The launch of a new Mercedes-Benz E-Class historically brings along fresh technology and new features, many with marketing-rich designations. The latest W213 E-Class is no different. As such, we’re spending 30 days with the 2017 Mercedes-Benz E300 4Matic, digging into the depths of all the technology and seeing if changes such as powertrain downsizing dilute the model’s long-standing brilliance.
Pre-Safe Sound encompasses “pink noise” played by the audio system during an impending accident, reducing hearing damage in a crash. Car-to-X communication is a Waze-like feature allowing new E-Class models to communicate with each other regarding accidents and other travel issues. Add in three different options for controlling the large infotainment display plus the latest radar cruise control with steering assist, and the new German sedan certainly carries a learning curve. There’s also a new four-cylinder gasoline engine, a clear break from tradition under the hood.
The E-Class traditionally isn’t the sportiest offering in the segment. Initial impressions reveal that the W213 stays true to this placement among its peers. The torquey, 2.0-liter turbocharged inline-four is stolen from the C-Class but is hitched to a new nine-speed automatic. We’ll see if two extra gears in the transmission can make up for the loss of 61 hp and gain of 66 pounds compared to the outgoing base E-Class, the E350. The new forced-induction engine does bring along a small bump in EPA fuel economy numbers—22/29 city/highway versus 20/28 for the old car.
Our test car is fitted with the optional $1,900 air suspension, which adjusts dampers as well as ride height. Its ability to isolate occupants over rough pavement at low speeds is impressive. One chassis caveat involves the tires installed on this early-build press car: Our E-Class carries Euro-spec, conventional performance tires on 18-inch wheels; the U.S-spec E300 utilizes all-season, run-flat tires, so ride quality and cornering grip will likely suffer.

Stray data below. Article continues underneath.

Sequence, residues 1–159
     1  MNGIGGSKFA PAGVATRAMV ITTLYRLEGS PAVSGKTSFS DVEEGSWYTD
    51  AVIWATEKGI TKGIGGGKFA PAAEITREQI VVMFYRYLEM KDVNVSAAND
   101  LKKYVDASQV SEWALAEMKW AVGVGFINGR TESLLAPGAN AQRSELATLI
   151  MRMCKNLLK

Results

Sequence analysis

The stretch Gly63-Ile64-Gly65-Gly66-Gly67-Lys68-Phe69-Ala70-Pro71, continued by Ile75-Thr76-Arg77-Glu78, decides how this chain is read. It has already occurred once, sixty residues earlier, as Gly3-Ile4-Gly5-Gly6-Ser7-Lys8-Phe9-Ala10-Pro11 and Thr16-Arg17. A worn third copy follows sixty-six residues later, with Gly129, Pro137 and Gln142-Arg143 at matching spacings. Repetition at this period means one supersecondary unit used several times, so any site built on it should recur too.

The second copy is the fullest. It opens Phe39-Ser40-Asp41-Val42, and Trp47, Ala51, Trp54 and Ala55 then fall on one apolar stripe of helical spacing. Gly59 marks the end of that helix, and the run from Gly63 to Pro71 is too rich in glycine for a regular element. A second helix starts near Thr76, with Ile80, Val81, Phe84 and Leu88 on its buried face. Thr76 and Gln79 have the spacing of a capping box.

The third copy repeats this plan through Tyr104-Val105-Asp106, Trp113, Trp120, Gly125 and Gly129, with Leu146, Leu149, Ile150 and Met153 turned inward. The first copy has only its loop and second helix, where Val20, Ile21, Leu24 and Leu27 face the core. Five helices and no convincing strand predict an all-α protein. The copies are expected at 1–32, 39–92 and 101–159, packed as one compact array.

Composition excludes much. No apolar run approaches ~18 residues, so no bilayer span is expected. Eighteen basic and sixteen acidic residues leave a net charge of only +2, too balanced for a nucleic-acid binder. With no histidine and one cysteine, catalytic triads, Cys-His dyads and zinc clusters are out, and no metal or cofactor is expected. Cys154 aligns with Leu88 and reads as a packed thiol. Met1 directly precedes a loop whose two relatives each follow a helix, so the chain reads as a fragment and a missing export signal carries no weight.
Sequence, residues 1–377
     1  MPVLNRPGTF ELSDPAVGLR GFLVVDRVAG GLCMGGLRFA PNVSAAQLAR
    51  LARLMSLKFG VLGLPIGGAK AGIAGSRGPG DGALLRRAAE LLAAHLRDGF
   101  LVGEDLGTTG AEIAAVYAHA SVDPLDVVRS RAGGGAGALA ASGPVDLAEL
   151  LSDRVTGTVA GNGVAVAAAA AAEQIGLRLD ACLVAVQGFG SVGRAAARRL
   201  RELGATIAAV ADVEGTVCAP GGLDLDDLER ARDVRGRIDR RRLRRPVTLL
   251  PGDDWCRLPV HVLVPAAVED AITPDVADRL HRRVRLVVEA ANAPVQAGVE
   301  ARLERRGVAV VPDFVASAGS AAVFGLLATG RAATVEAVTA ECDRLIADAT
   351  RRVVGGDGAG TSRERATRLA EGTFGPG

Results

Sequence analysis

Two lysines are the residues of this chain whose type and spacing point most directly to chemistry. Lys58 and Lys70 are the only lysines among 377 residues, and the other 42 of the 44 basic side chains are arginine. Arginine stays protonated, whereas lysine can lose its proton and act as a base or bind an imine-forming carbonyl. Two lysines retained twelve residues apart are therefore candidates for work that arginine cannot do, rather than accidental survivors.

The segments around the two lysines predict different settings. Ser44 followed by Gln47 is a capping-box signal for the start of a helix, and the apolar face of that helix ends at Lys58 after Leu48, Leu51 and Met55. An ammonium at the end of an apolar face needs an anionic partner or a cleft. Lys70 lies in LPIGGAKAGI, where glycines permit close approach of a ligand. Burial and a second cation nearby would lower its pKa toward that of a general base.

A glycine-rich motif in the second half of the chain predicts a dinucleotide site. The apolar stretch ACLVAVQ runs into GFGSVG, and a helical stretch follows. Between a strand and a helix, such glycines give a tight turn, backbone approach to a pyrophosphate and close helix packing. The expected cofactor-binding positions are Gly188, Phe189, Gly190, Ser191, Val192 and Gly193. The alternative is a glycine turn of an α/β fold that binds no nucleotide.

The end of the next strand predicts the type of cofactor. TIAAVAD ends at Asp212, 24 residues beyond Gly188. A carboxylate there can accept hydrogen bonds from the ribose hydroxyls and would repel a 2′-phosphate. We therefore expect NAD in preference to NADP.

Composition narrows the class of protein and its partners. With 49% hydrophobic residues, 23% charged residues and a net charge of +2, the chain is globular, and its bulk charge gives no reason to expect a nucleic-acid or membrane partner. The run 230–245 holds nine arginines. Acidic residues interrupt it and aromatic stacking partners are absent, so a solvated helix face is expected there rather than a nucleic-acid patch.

Owners of the outgoing W212 E-Class will be surprised and, quite possibly, overwhelmed when they first sit inside the new car. It’s taken on very much a baby S-Class feel and design in the cabin. Gone is the button-happy and restrained Germanic interior design of the old E, replaced with a far more modern, flowing design. The 12.3-inch center infotainment screen is gorgeous and our test car features a second, equally sized $850 display replacing the standard instrument cluster. The combination fills much of the dashboard with brilliant displays and allows an array of user-configurable options. We spent nearly an hour playing with all the features in a parking lot, and we’re still quite sure there are more settings and pages to be found. The standard infotainment screen is controlled by either a traditional rotary controller or a touchpad with handwriting recognition, both living in the center console. Alternatively, you’re able to keep your hands on the steering wheel and utilize smartphone-like thumb controls to navigate both screens. Ironically, initial impressions reveal one particular issue with the new interior: a distinct lack of some basic and much-needed buttons. There are no preset buttons or simple track or station forward and backward controls. Also, you can no longer toggle through the various radio bands or media inputs by pushing the function buttons multiple times, as in the old E-Class. We love the modernization of the interior design on the new E, but Mercedes possibly went one step too far in certain areas. Outside, Mercedes’ latest sedan looks nearly identical to both the C-Class and S-Class and has lost some of the controversial but distinctive details of the old E. The new car may hover in the world of too restrained.
We’ll continue to engross the full experience of the new E-Class over the next month. We’re excited to further delve into the technology and features through its extended stay, and we certainly hope our knowledge of the Pre-Safe Sound feature is strictly limited to the Mercedes press material.